Sweeteners for DIY e liquids

How to sweeten your diy e liquids - Without Sweeteners

One of the most discussed and debated topics in vaping has to be DIY, and one of the more common threads we read relates to sweeteners, and what folks are using to get their sugar fix.

A lot of commercially made juices tend to be rather sweet. A fairly high percentage are laced with too many spoonfuls of sugar, and contrary to that wonderful classic song, that doesn’t always help the medicine go down. (I can sense some of the younger ones scratching their heads)

Whilst many can provide a satisfying vape, this can also be a sign of a poorly mixed juice. It’s simple to make an e liquid sweet, but that doesn’t constitute a good mix. Balance is usually the key, just as we look for in food and beverages.

There is no denying though that some commercial sweeteners are potentially harmful to vape, especially when used long-term or in high quantities; such as what we found in many commercial juices.  Just go read some toxicology reports.

Capella super sweet

The most common methods for adding sweetness to e liquids tends to be either TFA’s Sweetener, Capella’s Super Sweet or Stevia.  Ethyl Maltol is also widely used, although it’s not really a sweetener per se. 

The Problem with Sweeteners

TFA’s sweetener is basically sucralose mixed in PG, whilst Ethyl Maltol or EM, not really a sweetener per se, offers a caramelised roasted malt flavour. The problem with these sweeteners is that they can easily mute flavours over time. Perhaps of equal concern is that sweeteners can create ‘gunk’ that builds up on your coils, making them less efficient and can mean having to change wicks and wire more frequently.

There is a place for them so I’m not suggesting you avoid them completely, as we say it’s always trial and error, but quite frankly there are alternative options out there, and exploring these options can improve both your knowledge and your mixes.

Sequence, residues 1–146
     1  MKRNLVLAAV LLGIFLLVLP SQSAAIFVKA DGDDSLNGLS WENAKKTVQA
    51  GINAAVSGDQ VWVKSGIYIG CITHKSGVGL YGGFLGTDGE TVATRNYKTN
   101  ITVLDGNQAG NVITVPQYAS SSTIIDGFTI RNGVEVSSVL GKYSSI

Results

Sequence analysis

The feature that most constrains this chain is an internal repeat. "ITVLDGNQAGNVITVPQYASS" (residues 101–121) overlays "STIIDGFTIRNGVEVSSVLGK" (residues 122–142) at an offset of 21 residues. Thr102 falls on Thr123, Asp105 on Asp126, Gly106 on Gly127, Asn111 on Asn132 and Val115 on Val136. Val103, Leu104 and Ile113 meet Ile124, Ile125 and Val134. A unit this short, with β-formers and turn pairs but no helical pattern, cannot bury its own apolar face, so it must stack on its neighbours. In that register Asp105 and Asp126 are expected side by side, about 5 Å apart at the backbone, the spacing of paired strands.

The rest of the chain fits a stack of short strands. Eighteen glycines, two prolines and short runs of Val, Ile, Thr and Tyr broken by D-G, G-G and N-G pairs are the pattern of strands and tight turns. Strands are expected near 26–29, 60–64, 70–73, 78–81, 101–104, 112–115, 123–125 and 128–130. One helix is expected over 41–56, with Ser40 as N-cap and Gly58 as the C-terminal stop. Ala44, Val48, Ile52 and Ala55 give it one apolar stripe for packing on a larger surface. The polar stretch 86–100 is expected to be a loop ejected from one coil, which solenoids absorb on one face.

NOTE: For tobacco mixes, Ethyl Maltol or EM is widely used although many alternate flavours such as fruits work very well too. As do creams, caramels and vanillas.

Below are some alternatives I recommend you explore. I can’t give you exact percentages because some palettes require more sugar, some less. However, in any given scenario, and irrespective of the flavour profile, start with around 0.25 % and work up to around 2 %.

“I really feel that in the majority of cases, dessert and bakery mixes don’t require any sweeter at all, as I tend to add things like creams, custards or marshmallow”.


This is one of my most commonly used and favourite sweeteners. Depending on the percentage, it can either just add a sweetness or an actual layer of marshmallow. TFA or FA.


This one isn’t broadly known as a sweetener but it works particularly well with bolder mixes such as hard liquors, coffee and tobaccos. TFA or FA


FlavourArt Marzipan is one of those flavours many don’t think to use as a sweetener, but it’s one of the better options for many applications. Low percentages too.


By far the best apple IMHO is FlavourArts Fuji. Excellent in tobaccos, fruits and desserts. Very strong so keep percentages low, starting at 0.15%.


Another excellent option for adding sweetness is FlavourArts Pear. Try mixing with some Apple but don’t go overboard. Obviously great with fruits but I’ve also used it with pie recipes.


This is a superb sweetener for both tobaccos and fruit recipes. I use Juice factory SC Pineapple and Capellas Golden Pineapple. 

Ethyl Maltol

I’ll include this one as it’s commonly used in tobacco mixes although I frequently use alternatives.

There are other options I’ve not listed but here are some that are definitely worth exploring –
Ice Creams, Caramels, Butterscotch and Creams
Vanilla’s and Custards
FlavourArt’s Joy, Oba Oba, wOw, Zeppola
Maple Syrup

Happy Mixing.

From The Table,

It’s all about the juice..

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